Theology and Practice: Christmas

Shall we celebrate Christmas?

Short answer: It is not so much as mentioned anywhere in the Bible. The Hebrew people did not celebrate birthdays. The individual and immediate family kept track, but had nothing like the mental image we have of it. Their sense of calendar was nothing like ours. Thus, it was common to say in that culture: “So-n-so is about X years old.” Even then, such comments were typically confined to those threshold points in life that were associated with rites of passage.

Now the longer answer: When Ancient Near Eastern royalty celebrated a “birthday” it was actually the day they were vested with royal authority, not the day of their birth. Such vestment ceremonies were carefully timed to avoid conflicts with other major holidays and celebrations, to prevent dragging vassals in and tying them up with rituals and protocols when it might hinder their productivity on the king’s behalf in the first place.

Thus, there is no valid biblical foundation for celebrating Christmas as the birth of Christ.

There are also solid historical reasons for avoiding associating Christ with that holiday. Within the New Testament narrative are multiple clues that Christ could not have been born in winter. For example, shepherds do not sleep out in the fields with their flocks that time of year. It’s most likely that Jesus was born in the springtime when shepherds were watching for sheep giving birth. Keep in mind that He was the Lamb of God.

Another issue is that Luke is careful not to compress the events of his narrative the way most Western readers envision it. The hassle of having to return to the clan home in Bethlehem meant the newlywed couple went early, stayed at least a year while the Magi arrived, and then left for Egypt. There’s no reason to assume Jesus was born the night they arrived, since the inn would have remained full for weeks during that kind of census activity. A lot of people had tents or built a shelter, but this couple found space in a stable.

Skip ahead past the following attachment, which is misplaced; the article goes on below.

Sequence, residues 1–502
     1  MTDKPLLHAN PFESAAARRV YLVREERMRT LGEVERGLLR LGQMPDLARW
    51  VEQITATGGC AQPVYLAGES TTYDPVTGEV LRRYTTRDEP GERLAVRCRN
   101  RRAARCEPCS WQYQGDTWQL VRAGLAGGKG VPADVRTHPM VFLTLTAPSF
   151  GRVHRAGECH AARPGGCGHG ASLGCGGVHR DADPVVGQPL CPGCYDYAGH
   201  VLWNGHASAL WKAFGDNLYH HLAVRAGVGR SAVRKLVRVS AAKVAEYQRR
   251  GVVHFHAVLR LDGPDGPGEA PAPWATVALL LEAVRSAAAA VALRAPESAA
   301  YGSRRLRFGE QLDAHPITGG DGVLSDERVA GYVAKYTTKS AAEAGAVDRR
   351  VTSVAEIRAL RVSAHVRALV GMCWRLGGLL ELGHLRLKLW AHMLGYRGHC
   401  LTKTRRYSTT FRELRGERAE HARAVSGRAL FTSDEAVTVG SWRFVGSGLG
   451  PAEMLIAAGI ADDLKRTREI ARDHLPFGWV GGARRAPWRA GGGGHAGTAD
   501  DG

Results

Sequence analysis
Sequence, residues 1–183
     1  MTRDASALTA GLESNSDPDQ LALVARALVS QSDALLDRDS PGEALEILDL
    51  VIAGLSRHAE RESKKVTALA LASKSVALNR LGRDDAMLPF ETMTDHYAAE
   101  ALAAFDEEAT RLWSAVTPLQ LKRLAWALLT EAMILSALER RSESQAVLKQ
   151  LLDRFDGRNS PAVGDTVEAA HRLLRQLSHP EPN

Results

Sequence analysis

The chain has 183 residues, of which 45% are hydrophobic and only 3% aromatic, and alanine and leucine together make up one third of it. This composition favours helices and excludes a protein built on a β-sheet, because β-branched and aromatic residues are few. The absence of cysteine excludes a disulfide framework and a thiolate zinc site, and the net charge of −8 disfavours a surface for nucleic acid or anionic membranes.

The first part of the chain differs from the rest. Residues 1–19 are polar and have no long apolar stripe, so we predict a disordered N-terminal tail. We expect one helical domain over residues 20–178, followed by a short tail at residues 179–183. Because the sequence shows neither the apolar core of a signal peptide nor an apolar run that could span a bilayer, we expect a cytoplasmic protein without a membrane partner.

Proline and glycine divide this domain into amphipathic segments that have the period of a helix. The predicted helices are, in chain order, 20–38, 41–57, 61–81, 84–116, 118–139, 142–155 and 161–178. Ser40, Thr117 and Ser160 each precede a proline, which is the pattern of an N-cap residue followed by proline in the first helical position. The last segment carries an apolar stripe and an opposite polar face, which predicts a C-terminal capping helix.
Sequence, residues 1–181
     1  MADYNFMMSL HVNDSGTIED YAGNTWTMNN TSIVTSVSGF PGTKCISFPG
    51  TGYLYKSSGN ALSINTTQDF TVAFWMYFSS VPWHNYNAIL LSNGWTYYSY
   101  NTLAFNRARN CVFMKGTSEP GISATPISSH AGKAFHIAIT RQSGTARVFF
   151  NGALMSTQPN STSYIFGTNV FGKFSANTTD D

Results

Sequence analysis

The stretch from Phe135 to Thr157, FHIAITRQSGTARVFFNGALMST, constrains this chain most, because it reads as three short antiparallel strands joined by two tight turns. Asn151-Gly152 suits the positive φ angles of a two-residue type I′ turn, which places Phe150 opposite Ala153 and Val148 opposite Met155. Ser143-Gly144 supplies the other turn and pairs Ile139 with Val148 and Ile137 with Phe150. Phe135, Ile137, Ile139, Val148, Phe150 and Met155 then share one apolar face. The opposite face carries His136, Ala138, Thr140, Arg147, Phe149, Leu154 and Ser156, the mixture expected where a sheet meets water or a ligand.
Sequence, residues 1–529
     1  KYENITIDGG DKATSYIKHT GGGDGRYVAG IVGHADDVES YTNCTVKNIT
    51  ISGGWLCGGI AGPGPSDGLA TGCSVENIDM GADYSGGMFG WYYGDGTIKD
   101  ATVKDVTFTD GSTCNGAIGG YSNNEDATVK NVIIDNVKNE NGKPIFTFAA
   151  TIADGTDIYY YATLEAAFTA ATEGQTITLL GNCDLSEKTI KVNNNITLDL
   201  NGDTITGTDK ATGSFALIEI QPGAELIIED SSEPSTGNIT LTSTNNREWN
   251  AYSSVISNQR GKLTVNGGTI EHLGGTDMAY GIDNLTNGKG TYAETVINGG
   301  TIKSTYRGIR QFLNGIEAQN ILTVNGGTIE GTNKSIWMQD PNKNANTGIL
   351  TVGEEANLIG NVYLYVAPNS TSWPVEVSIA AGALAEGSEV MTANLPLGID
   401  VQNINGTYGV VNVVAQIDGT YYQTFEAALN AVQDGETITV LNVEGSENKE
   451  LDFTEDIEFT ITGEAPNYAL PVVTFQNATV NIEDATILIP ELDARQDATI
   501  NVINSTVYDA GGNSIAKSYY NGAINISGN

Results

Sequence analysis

I’m also not going to expound on the question about Quirinius and when he governed Syria versus the timing of the census in question; Quirinius was in and out of Syria several times in varying imperial capacities over some two decades that include a period that overlaps Herod’s reign (Jesus was born before 4BC).

Our point here is that we shouldn’t celebrate His birth at all, much less on the modern Christmas Day. If all that were not enough, we know for a fact Constantine during the Third Century AD corrupted the church leadership so he could use Christianity as his official religion of the masses. It was frankly a smart political move. Meanwhile, he kept his own devotion to the sun god until on his death bed, and Christmas happens to be the annual feast of that deity.

Thus, I celebrate Christmas as an American cultural holiday carried over from paganized European “Christianity.” Christ never was in Christmas except in the wild and hugely mistaken imagination of Westernized Christian believers. I still sing Christmas carols as a mere cultural tradition and because it’s pretty nice music. However, it is not a holy night in my religion.

About Ed Hurst

Disabled Veteran, prophet of God's Laws, Bible History teacher, wannabe writer, volunteer computer technician, cyclist, Social Science researcher
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2 Responses to Theology and Practice: Christmas

  1. Iain says:

    I think all the “Christian” holidays have pagan origins. I can understand why. “The Emperor has decreed a new religion for the Empire and it has no holidays!” would have been a tough sell.

    Like

  2. Ed Hurst says:

    Well, there were a few holdover Jewish holidays, but they were celebrating the Resurrection the next year, since it was right after Passover. But you are correct that there was a pattern of later centuries seeing the adoption of pagan festivals.

    Like

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